Puppets at Fed Square is a free series of interactive theatre for children of all ages. But don’t expect a marionette Punch and Judy show, it’s an immersive experience that challenges, engages and excites.
About Puppets at Fed Square
Since 2010, Fed Square’s Creative Program has worked with leading Melbourne puppet and theatre organisations to present free performances during selected school holidays. Puppet shows have included giant human body parts, human-sized ants, huge snails and seagulls and whimsical characters that have surprised, delighted and entertained both children and adults.
Most of the puppet performances are free-form, where characters roam the Square and create an immersive experience for the audience. As children are naturally curious, they will quickly begin to follow and interact with the puppets, even the little ones who may be frightened at first.
Puppets at Fed Square, not only entertains children, it encourages their creativity, promotes interactive learning and provides an opportunity for physical play. This was most evident with the Puppets at Fed Square season in 2012 where the Creative Program commissioned Polyglot Theatre‘s Ants. See how the children initially react to the human-sized ants and how they learn to communicate and then lead the quiet creatures in the video below.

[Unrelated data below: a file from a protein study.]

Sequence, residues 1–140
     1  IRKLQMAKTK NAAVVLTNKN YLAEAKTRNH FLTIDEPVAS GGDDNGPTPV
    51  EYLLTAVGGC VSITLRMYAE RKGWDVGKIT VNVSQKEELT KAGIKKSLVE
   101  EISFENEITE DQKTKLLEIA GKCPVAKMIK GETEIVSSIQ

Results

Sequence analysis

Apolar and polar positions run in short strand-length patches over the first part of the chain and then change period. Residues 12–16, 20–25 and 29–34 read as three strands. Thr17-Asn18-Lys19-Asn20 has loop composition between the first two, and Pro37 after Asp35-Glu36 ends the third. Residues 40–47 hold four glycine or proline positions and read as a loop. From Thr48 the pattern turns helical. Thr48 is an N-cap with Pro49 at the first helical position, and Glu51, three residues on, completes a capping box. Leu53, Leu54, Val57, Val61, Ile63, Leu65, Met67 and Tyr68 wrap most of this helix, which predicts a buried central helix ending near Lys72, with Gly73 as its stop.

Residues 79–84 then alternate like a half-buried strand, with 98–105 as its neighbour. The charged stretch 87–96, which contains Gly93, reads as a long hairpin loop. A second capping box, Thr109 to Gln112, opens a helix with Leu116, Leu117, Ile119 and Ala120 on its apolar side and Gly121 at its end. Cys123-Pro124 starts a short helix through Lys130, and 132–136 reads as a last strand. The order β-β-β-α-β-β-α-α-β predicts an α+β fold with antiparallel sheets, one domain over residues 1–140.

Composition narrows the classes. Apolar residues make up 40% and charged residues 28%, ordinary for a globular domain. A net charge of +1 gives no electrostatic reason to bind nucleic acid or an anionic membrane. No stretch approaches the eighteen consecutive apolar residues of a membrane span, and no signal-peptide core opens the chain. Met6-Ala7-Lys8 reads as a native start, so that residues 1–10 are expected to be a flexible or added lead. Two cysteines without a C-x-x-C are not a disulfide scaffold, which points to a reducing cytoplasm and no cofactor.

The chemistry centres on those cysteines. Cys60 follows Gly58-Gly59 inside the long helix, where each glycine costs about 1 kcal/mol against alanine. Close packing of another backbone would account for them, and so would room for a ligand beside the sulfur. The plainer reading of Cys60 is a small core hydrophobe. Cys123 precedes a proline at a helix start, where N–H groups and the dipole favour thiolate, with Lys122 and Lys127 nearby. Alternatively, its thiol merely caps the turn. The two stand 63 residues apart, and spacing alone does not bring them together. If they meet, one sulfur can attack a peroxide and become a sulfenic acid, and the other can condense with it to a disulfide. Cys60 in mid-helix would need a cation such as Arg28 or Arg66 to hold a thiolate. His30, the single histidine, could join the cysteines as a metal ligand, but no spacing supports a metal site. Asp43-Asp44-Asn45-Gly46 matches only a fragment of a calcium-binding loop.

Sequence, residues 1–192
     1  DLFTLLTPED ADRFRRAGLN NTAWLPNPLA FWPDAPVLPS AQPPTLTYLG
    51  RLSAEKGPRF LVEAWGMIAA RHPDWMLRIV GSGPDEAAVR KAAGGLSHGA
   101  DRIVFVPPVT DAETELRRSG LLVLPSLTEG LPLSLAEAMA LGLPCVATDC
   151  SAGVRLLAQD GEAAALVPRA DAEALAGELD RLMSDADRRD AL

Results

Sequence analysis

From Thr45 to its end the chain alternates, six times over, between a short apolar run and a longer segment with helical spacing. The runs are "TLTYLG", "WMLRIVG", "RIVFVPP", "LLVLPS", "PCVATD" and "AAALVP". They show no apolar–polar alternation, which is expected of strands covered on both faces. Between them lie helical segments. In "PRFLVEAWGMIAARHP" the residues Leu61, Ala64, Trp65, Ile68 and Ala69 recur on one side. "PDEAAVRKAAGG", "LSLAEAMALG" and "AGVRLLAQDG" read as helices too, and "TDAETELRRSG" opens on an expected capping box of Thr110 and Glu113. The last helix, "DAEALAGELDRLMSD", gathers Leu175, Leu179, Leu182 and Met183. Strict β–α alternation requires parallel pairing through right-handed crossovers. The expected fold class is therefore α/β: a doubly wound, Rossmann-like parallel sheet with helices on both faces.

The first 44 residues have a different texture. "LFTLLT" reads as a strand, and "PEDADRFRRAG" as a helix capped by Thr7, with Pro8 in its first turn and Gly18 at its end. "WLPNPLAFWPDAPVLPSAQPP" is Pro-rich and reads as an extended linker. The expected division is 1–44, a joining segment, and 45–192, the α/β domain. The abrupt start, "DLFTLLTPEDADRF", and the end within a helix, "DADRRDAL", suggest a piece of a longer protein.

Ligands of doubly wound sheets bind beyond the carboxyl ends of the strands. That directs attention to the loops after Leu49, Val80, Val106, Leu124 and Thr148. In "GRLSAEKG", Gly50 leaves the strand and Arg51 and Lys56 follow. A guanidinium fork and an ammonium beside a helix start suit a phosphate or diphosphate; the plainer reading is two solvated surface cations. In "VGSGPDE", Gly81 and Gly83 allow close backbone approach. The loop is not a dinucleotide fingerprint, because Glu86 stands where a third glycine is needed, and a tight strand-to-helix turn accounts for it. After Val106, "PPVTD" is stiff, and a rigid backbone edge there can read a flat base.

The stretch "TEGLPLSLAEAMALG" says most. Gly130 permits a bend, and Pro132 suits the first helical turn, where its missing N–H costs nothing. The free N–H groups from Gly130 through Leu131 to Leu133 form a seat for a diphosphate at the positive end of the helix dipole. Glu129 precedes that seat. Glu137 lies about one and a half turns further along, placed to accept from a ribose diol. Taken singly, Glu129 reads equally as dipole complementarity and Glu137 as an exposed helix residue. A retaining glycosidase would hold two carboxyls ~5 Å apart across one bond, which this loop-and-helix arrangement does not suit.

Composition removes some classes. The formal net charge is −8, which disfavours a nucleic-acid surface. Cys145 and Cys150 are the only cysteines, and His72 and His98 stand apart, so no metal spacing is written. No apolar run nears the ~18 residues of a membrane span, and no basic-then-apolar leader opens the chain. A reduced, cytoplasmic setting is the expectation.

In 2013, puppetry and technology combined with Electric Puppet – free workshops of virtual play by Melbourne artist Georgie Pinn. The Creative Program also commissioned Australian premiere of Wedhus Gembel – a colourful and theatrical collaboration between Indonesian artists and Melbourne’s Snuff Puppets.
A giant walk-through comic book took over Deakin Edge in July 2014 for the Australian premiere of Drawbridge. A cross-cultural project by Melbourne’s Polyglot Theatre and Indonesia’s Papermoon Puppet Theatre, Drawbridge takes the child’s instinct to play and adds music, artwork and performance to create a story of gigantic proportions.
Polyglot toured to Merapi, Indonesia to create the firstDrawbridge project, which, inspired by local stories and the comic book form, brought together whole communities from the Mt Merapi volcano area in an exceptional outdoor theatre performance. Part two of the project in Deakin Edge extended the discoveries made in Indonesia, working with comic book artist Mandy Ord and school children from the Victorian College for the Deaf to create the playful comic book performance and interpret it into Auslan English.